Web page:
DOI: 10.1158/1055-9965.epi-23-0873 ISSN: 1055-9965

The association between state-level structural racism and alcohol and tobacco use behaviors among a national probability sample of Black Americans

Nathaniel Woodard, James Butler, Debarchana Ghosh, Kerry M. Green, Cheryl L. Knott
  • Oncology
  • Epidemiology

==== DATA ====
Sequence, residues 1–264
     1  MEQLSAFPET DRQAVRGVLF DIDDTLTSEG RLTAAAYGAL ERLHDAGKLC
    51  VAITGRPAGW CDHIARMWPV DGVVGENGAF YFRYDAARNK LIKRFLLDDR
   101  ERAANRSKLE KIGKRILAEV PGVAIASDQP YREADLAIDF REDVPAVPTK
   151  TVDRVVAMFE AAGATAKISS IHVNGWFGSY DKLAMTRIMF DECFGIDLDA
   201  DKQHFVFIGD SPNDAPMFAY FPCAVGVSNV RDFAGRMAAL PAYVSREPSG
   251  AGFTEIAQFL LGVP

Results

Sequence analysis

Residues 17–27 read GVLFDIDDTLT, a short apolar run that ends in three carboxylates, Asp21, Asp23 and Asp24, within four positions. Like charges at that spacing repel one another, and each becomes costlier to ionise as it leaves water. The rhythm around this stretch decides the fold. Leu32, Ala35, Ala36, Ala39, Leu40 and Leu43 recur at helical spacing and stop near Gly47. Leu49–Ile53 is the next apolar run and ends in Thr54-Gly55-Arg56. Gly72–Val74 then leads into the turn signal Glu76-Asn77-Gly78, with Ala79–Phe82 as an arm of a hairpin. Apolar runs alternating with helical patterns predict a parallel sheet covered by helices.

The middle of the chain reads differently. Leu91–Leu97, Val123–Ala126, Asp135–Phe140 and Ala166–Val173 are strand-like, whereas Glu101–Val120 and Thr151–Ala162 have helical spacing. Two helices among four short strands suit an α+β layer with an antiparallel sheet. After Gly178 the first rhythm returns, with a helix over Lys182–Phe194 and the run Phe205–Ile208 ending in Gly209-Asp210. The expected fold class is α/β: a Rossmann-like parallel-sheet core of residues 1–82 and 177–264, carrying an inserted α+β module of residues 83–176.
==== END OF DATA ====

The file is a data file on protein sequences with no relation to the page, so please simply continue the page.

Background: Structural racism is how society maintains and promotes racial hierarchy and discrimination through established and interconnected systems. Structural racism is theorized to promote alcohol and tobacco use, which are risk factors for adverse health and cancer-health outcomes. The current study assesses the association between measures of state-level structural racism and alcohol and tobacco use among a national sample of 1,946 Black Americans. Methods: An existing composite index of state-level structural racism including five dimensions (subscales; i.e., residential segregation and employment, economic, incarceration, and educational inequities) was merged with individual-level data from a national sample dataset. Hierarchical linear and logistic regression models, accounting for participant clustering at the state level, assessed associations between structural racism and frequency of alcohol use, frequency of binge drinking, smoking status, and smoking frequency. Two models were estimated for each behavioral outcome, one using the composite structural racism index and one modeling dimensions of structural racism in lieu of the composite measure, each controlling for individual-level covariates. Results: Results indicated positive associations between the incarceration dimension of the structural racism index and binge drinking frequency, smoking status, and smoking frequency. An inverse association was detected between the education dimension and smoking status. Conclusions: Results suggest that state-level structural racism expressed in incarceration disparities, is positively associated with alcohol and tobacco use among Black Americans. Impact: Addressing structural racism, particularly in incarceration practices, through multilevel policy and intervention may help to reduce population-wide alcohol and tobacco use behaviors and improve the health outcomes of Black populations.

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